3. Your risk appetite
  4. The objective you hope to achieve with your contribution

1) Availability of funds to lock-up

You should only consider these reliefs if you are willing to not touch these funds for decades. If you foresee yourself needing the money for upcoming expenditure like a home or a wedding, you should not be considering contributions to your CPF or SRS.

2) Your incremental tax rate

Similar to allocating your family support reliefs amongst your family, you should consider if you are in a high or low tax bracket before contributing. If you are in a low tax bracket, it might be better to pay a small amount of taxes in order to retain the flexibility of your cash. After all, you are locking up a large sum of cash for minimal benefit.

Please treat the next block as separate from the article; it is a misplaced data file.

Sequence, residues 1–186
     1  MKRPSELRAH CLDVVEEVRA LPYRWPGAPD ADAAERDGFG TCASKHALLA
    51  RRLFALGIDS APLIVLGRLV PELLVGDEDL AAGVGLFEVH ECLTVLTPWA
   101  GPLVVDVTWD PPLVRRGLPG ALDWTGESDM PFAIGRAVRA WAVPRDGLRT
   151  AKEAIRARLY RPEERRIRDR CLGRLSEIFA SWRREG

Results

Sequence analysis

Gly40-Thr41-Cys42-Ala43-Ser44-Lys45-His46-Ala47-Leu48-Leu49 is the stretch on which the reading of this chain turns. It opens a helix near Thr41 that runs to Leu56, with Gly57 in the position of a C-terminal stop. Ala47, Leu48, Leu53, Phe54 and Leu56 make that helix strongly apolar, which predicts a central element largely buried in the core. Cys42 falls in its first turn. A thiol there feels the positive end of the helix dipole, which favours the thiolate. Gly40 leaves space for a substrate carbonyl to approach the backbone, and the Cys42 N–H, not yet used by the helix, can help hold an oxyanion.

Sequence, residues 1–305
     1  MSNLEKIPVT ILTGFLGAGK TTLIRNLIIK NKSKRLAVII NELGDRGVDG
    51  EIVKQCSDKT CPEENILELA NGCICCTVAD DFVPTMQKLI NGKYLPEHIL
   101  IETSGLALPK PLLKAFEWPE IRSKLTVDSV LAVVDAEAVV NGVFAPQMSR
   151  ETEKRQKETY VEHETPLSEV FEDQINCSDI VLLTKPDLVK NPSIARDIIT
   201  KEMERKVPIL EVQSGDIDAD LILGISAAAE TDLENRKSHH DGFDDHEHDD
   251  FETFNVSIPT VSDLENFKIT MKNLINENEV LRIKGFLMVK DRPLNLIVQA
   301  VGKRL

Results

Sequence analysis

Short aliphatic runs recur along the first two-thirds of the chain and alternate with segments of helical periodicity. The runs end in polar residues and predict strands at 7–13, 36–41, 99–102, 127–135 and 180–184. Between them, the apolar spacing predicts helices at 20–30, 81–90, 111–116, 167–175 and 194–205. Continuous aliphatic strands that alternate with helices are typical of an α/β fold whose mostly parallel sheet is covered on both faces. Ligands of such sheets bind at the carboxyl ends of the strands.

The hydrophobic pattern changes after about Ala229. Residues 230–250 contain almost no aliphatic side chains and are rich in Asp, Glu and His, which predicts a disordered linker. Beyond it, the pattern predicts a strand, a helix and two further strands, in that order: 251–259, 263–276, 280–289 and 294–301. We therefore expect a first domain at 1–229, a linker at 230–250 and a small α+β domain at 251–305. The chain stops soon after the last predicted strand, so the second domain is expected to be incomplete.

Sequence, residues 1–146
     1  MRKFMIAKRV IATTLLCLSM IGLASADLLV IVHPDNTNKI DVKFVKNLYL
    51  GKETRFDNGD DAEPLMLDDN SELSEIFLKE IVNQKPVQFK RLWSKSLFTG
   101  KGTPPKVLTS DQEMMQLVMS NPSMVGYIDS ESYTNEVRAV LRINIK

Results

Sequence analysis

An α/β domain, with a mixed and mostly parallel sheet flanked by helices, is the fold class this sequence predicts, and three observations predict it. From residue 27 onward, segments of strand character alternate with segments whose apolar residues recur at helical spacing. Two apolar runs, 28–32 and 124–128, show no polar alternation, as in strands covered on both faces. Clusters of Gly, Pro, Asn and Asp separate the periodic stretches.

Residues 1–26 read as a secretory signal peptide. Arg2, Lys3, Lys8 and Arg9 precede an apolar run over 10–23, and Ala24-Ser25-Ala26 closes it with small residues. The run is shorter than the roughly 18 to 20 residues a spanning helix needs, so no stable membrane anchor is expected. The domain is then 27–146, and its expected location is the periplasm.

3) Your risk appetite

Once you have considered point 1 and 2, you are ready to make your contribution of SRS or CPF. Choosing between the 2 very much depends on your risk appetite as CPF gives you a guaranteed 4% per annum return while SRS intrinsically only pays you the prevailing bank rate. This means that SRS contributions need to be invested in riskier assets in order to match or outperform CPF.

I currently use my meagre SRS funds in undervalued dividend paying stocks.

4)  Your objective

If you have a low risk appetite, it is likely you will choose to contribute to CPF. As mentioned in part 2, you have to decide if you wish to fund your retirement or your health insurance and contribute to your SA or MA accordingly.


Here’s a simple flow chart to illustrate my overall tax planning strategy: